Jessica Thomas: Arc Bender
Reprinted with permission from the blog, We Are the Arc Benders. Author: Christina Smith. This story was slightly edited for style.
There is no one quite like Jessica Thomas. She is renowned for her passion for serving her students and her leadership as a champion for using business as a force for good.
Currently, she is the director of the Business Sustainability Collaborative at the Poole College of Management at NC State University in Raleigh, NC. In 2016, she received the Bill Clark Award, to recognize her leadership in creating and scaling the NC State B Corp Clinic. Named for Bill Clark, the lawyer that drafted the first benefit corporation legislation, it is given to the single person that has most served the global B Corp movement the most that isn’t employed by a B Corp. If you’ve never heard of B Corps, they are a global movement of business leaders using business as a force for good. Here is a great resource to learn more.
The NC State B Corp Clinic pairs teams of students in the fall and spring with companies aspiring to become a Certified B Corp. Jessica developed and scaled this highly successful program that pairs over 30 students from colleges and universities across North Carolina with four to six companies each semester that are aspiring or certified B Corps. She is also an incredible resource, leading and hosting an annual academic retreat tied to the B Corp Retreat, and helping other universities learn how to launch B Corp clinics of their own.
Here is our Interview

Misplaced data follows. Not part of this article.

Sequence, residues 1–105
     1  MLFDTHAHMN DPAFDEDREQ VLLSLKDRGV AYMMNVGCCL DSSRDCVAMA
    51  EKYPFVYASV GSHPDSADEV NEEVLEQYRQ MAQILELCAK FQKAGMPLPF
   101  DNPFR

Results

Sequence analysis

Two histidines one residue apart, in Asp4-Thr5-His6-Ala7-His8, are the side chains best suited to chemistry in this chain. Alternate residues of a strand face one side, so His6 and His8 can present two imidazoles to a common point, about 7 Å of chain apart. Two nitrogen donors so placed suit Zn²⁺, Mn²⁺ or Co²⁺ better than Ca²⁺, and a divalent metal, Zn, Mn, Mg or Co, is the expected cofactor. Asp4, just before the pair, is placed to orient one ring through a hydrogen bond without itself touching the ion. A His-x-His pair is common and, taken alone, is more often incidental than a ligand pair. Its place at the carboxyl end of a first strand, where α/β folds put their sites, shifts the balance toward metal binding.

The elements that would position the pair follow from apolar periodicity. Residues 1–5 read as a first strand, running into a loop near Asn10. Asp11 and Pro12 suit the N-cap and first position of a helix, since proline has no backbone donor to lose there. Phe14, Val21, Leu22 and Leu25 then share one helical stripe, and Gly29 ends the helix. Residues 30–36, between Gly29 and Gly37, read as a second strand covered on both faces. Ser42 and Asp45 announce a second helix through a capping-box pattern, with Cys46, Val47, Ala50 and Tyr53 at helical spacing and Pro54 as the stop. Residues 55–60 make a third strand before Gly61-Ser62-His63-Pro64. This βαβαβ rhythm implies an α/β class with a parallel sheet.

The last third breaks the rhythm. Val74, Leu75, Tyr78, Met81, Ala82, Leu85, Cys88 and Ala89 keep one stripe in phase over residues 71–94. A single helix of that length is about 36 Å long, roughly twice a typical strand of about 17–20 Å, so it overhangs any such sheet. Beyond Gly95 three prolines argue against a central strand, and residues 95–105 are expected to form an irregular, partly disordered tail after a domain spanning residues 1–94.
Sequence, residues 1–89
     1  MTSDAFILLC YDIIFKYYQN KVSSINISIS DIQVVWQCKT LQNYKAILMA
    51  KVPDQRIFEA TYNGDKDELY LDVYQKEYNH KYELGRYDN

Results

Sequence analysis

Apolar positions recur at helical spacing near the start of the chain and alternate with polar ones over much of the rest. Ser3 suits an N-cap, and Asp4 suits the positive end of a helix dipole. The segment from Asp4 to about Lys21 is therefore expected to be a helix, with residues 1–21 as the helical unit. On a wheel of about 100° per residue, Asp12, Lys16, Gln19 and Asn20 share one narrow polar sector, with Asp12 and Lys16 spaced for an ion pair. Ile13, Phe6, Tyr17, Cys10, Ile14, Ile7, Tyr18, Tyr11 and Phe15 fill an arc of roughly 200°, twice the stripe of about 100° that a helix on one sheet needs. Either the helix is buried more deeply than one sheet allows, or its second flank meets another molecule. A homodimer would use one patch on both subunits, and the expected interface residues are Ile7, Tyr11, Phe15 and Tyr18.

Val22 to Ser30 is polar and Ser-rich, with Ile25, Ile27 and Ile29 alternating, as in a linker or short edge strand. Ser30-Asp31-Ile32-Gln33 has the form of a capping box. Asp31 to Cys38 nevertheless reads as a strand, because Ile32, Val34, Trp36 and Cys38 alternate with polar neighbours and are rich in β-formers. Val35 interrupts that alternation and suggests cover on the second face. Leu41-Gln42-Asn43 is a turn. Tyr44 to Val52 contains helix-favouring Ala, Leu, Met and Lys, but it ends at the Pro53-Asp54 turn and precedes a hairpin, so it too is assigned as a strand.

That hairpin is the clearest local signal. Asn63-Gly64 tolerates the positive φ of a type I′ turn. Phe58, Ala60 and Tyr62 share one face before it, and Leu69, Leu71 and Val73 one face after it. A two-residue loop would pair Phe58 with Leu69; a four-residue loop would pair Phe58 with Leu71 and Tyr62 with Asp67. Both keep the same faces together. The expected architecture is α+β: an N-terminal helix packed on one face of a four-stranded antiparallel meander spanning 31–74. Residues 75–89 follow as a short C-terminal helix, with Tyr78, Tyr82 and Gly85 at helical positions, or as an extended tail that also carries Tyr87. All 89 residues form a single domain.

Q: Tell me a bit about yourself and how you became passionate about changing the world.
I’m going to take it back a little ways to where I grew up. How I grew up and where I grew up had a big impact on where I am today.
I was born in Miami and I’m half America, half Nigerian. My mom is from California and my father is from Nigeria. We actually moved to Nigeria when I was pretty young. My father was an economics professor in Nigeria; he taught at the University of Ile-Ife. We lived in Nigeria for three years, when I was in elementary school, and then we moved to Dakar, Senegal, for seven years, when I was in middle school and high school. So for 10 years, I lived between two worlds: in West Africa during the school year and then coming back to the States every summer.
It was two such distinct experiences, this contrast (with) living in a country that was so much about relationships. In many ways, people really depended on each other (in Africa) because they had to. Sometimes the power would go out and we’d lose water for days at a time. I remember we would put buckets under the faucet to catch water dripping out of the faucet.
Then we’d come to U.S. and people had such a different relationship to resources. I really grew up seeing there was an enormous amount of need in this world and at the same time I also saw an enormous amount of resources and talent. I always sort of knew that I’d do something to help bridge that connection between need and resources.
At the same time, I had this weird path where I was really good at math and science. I think it was because when we lived in Senegal, I went to a French school, so I was really bad at language. I really fell on what was a universal language of math and science, so I ultimately studied engineering in college.
Fortunately, I found (a) bridge quickly after studying product design at Stanford University by working on interactive educational toys. I worked for a company called Leap Frog; I started there when it was a startup and helped grow it to the third largest toy company in the country by the time I left. I was designing math toys, science toys, reading toys. It was a great blend of my background in engineering with education. We designed some toys in six different languages that were sold around the world.